J. L. BELL is a Massachusetts writer who specializes in (among other things) the start of the American Revolution in and around Boston. He is particularly interested in the experiences of children in 1765-75. He has published scholarly papers and popular articles for both children and adults. He was consultant for an episode of History Detectives, and contributed to a display at Minute Man National Historic Park.

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Tuesday, February 15, 2011

Elizabeth, Simeon, and the Cats

I was already planning to use the post-Valentine’s mood to offer another installment of Boston 1775’s very intermittent “Can This Marriage Be Saved?” series. Then I read Caitlin G. D. Hopkins’s articles on Elizabeth Palmer of Little Compton, Rhode Island, and knew my tale would have to take second place.

Caitlin’s inquiry began in 2009 with Palmer’s gravestone, which reads:

In Memory of
ELIZABETH who
Should have been the
Wife of Mr.
SIMEON PALMER
who died Augst. 14th
1776 in the 64th Year
of her Age.
Caitlin added, “To make matters worse, Elizabeth’s gravestone stands next to a stone dedicated to Lidia Palmer (d.1754), who was the wife of Simeon Palmer.” Was Simeon secretly pining for Elizabeth? If Elizabeth never became Simeon Palmer’s wife, why did the stone neglect to mention her surname? Who erected that stone anyway?

Commenter Randy Nonenmacher offered a 1901 reference with more answers. The explanation begins:
The first church of Little Compton, R. I. was organized in 1704 under Rev. Richard Billings, a man of prominence and ability, much beloved, and exerted a strong influence over his charge. He had one idiosyncrasy, however; he firmly believed in cats as an article of diet, and fatted them for the purpose.

Amongst his parishioners was a man, Simeon Palmer, of the fine old family resident in Little Compton. He was wealthy married first Lydia Dennis, Aug. 25, 1745, and had Susannah, Gideon, Humphrey, Sarah, Walter and Patience. At some time between 1745 and 1752 he had sunstroke which left him mildly insane and he adopted the views of his minister on cats and insisted on his family using them for food.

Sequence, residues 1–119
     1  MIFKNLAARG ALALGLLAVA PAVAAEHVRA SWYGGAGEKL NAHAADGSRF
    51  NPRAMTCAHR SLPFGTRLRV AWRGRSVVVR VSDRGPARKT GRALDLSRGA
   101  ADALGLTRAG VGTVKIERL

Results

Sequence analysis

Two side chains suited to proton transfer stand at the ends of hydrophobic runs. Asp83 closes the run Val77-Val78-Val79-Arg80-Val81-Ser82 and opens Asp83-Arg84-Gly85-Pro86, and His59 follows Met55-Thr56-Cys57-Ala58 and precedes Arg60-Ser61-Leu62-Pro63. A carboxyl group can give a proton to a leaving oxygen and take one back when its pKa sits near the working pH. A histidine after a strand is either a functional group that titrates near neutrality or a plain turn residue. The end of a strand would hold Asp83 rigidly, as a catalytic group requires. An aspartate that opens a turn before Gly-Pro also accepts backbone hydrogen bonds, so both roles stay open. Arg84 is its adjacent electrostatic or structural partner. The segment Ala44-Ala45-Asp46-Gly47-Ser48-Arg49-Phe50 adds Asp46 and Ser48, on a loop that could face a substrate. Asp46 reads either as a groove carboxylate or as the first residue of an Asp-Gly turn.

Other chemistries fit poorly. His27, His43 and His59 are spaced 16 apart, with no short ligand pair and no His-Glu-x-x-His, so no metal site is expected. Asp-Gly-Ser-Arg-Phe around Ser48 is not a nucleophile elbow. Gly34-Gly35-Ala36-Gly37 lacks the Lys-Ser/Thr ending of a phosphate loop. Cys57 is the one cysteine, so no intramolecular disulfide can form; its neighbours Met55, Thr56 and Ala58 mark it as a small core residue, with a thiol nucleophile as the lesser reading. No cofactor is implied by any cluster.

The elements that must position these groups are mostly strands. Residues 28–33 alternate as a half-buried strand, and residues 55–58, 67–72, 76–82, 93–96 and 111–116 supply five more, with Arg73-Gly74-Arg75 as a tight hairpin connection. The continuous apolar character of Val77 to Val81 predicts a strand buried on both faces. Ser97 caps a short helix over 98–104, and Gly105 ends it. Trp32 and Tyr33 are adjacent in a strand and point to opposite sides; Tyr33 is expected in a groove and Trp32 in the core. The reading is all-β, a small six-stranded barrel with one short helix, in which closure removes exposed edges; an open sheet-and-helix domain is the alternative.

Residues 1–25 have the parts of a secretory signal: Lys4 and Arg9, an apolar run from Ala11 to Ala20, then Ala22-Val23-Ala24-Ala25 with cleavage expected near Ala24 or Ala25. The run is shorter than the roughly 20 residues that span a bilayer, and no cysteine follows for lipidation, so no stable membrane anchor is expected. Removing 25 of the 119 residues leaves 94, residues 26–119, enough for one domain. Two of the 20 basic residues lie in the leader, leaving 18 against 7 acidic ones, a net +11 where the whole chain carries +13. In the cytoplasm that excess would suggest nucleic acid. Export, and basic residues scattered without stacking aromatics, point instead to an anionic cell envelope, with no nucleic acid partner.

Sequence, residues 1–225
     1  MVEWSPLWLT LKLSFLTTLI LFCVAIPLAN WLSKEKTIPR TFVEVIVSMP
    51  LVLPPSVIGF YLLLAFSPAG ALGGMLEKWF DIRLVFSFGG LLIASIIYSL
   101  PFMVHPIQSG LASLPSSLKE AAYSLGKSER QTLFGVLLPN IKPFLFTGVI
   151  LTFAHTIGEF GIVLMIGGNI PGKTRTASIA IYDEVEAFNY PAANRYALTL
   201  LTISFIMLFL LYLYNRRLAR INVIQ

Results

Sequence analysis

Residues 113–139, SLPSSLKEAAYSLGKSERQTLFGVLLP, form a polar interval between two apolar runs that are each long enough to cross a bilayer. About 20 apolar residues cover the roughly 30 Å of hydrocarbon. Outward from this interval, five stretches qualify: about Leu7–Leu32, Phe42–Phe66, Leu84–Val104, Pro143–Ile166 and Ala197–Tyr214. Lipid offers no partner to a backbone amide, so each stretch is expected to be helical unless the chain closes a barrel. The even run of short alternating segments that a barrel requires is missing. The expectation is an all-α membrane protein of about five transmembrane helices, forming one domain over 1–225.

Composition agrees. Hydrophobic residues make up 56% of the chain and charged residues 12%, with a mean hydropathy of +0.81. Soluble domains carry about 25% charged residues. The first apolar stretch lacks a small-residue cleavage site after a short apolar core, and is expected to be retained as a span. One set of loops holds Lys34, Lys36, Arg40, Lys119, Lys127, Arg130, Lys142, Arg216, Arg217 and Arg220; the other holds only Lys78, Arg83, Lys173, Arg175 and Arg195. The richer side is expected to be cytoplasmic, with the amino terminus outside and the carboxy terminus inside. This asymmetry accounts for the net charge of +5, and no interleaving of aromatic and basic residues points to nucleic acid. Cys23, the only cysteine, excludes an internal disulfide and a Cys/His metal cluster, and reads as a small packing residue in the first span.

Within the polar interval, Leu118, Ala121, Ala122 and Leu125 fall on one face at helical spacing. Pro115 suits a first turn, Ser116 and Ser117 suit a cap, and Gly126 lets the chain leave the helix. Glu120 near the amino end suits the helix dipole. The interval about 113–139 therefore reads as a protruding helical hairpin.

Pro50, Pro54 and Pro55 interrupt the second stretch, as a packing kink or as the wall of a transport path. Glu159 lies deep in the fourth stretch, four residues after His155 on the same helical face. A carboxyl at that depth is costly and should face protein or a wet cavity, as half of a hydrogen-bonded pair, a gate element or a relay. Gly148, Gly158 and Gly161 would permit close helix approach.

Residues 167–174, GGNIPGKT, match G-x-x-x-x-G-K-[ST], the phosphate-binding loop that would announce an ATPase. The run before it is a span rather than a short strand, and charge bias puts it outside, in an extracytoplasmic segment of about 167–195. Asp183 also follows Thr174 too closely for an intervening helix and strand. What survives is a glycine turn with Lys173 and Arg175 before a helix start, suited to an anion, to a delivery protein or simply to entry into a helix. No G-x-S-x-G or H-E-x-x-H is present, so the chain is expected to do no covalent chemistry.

Can this marriage be saved?

As Caitlin notes, Victorian antiquarians of the sort who preserved this tale loved stories about eccentrics, and may have embellished them, or even made them up to explain oddities like the Elizabeth Palmer gravestone. I wonder what Sibley’s Harvard Graduates says about the Rev. Mr. Billings, class of 1698. A 1906 history of the Little Compton church dismisses the story (carefully not mentioning the minister’s alleged role) as the concoction of “the good old aunties of our town.” That book also notes that the epitaph inspired a 1905 novel (set in the nineteenth century) titled Saint Abigail of the Pines.

To me this story feels authentic because it ends with an accommodation among people driven by economic needs rather than with a tidy moral lesson for the present day. In any event, it’s good to know that Elizabeth Palmer lived long enough to see her daughter married, apparently more happily.

2 comments:

Caitlin GD Hopkins said...

Hm. The 1906 History of Little Compton actually makes me take the story a bit more seriously than I did before. It is quite different from the 1901 account, which contends that Elizabeth stuck around until after the birth of her first child before leaving Simeon and never mentions a wedding feast. The two stories have two things in common: Elizabeth left Simeon and the source of their disagreement had something to do with eating cats. The specifics are different, but the fact that both stories have those two themes in common makes me a bit more ready to believe that those elements have a grain of truth to them.

J. L. Bell said...

Another compelling factor for me is that there’s no reason to go from that epitaph to cat meat. It’s logical to imagine a doomed love affair was behind “should have been the wife,” precisely as that romantic novelist did. But to bring in cat meat? That’s the sort of detail no one would believe without strong evidence.

The word “cat” didn’t just mean domesticated house cats in the 18th century, I believe. It’s possible the family ate other critters. The Rev. Mr. Billings was supposed to have studied Native peoples, so maybe he picked up some of their culinary culture.